Louis Pasteur was one of three children, born in the small town of Dole in the Jura (central eastern France) in 1822. The town was a tannery town and Louis’ father was a poor man and a tanner. The family were simple and devout Roman Catholics with no particular aspirations and nothing in their family history, as far as one can tell, to suggest a genius was born among them.
At school Louis Pasteur was a mediocre student. He was a moderately talented artist and some of his drawings survive in the Pasteur museum. Apart from being keen on fishing, there was nothing of any note during his childhood years. He nonetheless acheived a BA at University, quite something for his genre, and afterwards went on to do a BSc in Mathematics, which he failed. He finally acheived a BSc in chemistry in1884, though the grades were poor. He worked as a chemistry assistant in a couple of colleges and secondary schools and in due course became Professor of Chemistry at Strasbourg University.
He married and had five children, three of whom died from typhoid when still very young. These tragedies were the driving forces behind Pasteur’s determination to find a cure for disease.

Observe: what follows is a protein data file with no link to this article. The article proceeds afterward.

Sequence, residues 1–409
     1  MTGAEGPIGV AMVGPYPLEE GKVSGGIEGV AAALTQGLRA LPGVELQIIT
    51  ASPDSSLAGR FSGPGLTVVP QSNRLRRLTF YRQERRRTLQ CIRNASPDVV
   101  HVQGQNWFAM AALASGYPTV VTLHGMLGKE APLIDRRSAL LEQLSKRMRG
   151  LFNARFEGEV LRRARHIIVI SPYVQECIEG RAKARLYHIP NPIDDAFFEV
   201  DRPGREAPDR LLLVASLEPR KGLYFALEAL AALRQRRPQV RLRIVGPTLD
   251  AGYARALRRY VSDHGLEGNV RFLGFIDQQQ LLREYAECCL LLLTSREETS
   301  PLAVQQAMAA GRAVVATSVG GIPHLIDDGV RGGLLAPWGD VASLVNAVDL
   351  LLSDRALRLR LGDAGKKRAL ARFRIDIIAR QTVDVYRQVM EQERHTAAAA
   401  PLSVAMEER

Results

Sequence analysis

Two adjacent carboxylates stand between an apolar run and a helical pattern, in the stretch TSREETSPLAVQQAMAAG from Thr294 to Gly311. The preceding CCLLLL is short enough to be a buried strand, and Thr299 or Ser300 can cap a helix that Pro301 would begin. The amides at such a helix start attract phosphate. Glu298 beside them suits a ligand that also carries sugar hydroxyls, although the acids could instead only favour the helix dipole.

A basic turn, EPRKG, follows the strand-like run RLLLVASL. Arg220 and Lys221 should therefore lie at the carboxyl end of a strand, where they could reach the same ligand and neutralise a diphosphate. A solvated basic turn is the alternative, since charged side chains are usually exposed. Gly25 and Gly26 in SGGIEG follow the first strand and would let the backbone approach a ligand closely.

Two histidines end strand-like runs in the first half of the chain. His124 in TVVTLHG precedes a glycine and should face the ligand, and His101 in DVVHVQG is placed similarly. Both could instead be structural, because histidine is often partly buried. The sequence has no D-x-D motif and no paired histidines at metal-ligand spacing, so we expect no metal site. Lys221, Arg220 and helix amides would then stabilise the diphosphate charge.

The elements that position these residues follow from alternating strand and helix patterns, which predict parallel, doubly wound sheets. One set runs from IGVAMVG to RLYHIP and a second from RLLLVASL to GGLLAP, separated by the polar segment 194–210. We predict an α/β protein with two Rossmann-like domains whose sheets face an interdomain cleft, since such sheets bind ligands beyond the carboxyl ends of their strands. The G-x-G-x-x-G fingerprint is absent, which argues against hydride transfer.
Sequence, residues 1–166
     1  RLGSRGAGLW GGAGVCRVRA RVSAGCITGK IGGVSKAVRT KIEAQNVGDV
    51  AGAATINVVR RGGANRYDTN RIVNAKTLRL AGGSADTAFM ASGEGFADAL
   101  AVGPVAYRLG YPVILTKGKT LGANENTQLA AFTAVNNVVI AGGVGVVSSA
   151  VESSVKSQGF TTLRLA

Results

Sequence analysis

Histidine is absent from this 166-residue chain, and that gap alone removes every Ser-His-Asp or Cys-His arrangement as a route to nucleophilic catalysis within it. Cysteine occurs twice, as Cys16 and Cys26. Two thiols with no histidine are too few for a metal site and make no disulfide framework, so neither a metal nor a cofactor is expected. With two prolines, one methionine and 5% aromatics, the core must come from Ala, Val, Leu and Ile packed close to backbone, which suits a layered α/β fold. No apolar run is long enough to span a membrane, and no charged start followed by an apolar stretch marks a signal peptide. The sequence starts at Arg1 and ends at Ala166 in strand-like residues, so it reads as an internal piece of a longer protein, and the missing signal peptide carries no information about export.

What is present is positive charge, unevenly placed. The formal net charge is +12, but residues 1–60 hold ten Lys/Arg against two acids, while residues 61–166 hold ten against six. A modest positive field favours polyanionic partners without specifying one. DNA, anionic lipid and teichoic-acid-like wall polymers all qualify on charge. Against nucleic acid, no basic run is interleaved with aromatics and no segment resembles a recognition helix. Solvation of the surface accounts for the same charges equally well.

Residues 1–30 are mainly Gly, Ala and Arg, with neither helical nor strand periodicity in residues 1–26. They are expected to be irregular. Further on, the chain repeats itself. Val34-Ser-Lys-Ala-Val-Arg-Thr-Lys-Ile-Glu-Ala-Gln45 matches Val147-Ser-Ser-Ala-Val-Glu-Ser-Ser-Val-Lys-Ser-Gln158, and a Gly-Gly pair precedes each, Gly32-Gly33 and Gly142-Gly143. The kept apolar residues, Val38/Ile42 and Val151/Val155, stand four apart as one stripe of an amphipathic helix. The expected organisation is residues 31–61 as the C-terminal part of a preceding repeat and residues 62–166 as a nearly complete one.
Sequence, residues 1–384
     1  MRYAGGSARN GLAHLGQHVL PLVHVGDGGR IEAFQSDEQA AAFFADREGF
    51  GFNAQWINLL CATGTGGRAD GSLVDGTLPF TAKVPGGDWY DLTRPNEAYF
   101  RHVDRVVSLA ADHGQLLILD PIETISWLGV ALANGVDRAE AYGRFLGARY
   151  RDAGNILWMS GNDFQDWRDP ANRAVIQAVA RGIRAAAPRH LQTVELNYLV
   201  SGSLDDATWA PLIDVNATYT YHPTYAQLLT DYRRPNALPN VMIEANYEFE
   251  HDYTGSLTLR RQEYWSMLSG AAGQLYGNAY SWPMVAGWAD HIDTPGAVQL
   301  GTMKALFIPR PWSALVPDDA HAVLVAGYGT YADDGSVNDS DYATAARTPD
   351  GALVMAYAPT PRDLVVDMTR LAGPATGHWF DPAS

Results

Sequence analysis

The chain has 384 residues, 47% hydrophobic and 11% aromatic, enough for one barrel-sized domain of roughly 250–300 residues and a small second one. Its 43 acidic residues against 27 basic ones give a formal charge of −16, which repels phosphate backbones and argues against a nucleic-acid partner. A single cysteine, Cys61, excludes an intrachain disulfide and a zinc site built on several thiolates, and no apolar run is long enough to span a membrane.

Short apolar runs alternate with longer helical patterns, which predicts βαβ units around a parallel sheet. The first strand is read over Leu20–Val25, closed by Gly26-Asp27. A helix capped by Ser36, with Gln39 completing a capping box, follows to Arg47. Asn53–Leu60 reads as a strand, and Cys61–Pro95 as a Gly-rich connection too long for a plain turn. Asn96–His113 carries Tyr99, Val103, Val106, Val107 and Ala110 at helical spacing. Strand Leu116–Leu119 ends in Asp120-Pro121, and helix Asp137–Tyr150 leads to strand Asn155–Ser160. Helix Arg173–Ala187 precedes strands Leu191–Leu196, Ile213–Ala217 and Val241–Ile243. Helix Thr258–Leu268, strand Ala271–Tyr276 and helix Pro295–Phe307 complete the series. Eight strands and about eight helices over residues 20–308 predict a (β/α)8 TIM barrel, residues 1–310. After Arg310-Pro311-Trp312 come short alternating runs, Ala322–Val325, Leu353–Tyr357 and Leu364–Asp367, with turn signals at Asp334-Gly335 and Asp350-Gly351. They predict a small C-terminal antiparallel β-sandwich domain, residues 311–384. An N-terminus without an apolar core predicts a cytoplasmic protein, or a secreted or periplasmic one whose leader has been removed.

In England Edward Jenner had discovered the cure, and invented the vaccine, for smallpox some 60 years earlier. Spurred on by this clear indication that prevention and cure were possible, Pasteur developped a vaccine (he used the same word that Jenner used, in honour of Jenner – vaccine from the Latin vaca, meaning cow because Jenner’s experiment started with cows) against rabies and anthrax. To an extent he copied information already discovered by the French scientist Toussaint and the French doctor Roux, but it is undeniable that Pasteur paved the way forward in a vastly more hygienic world and opened the doors for further science. Thousands and thousands of lives have been saved ever since.
Louis Pasteur died from a stroke in Marne-la-Coquette (near Paris) in 1895. He was a pragmatic man who did not mix religion and science yet who, despite his scientific talents and genius, remained a devout Roman Catholic.
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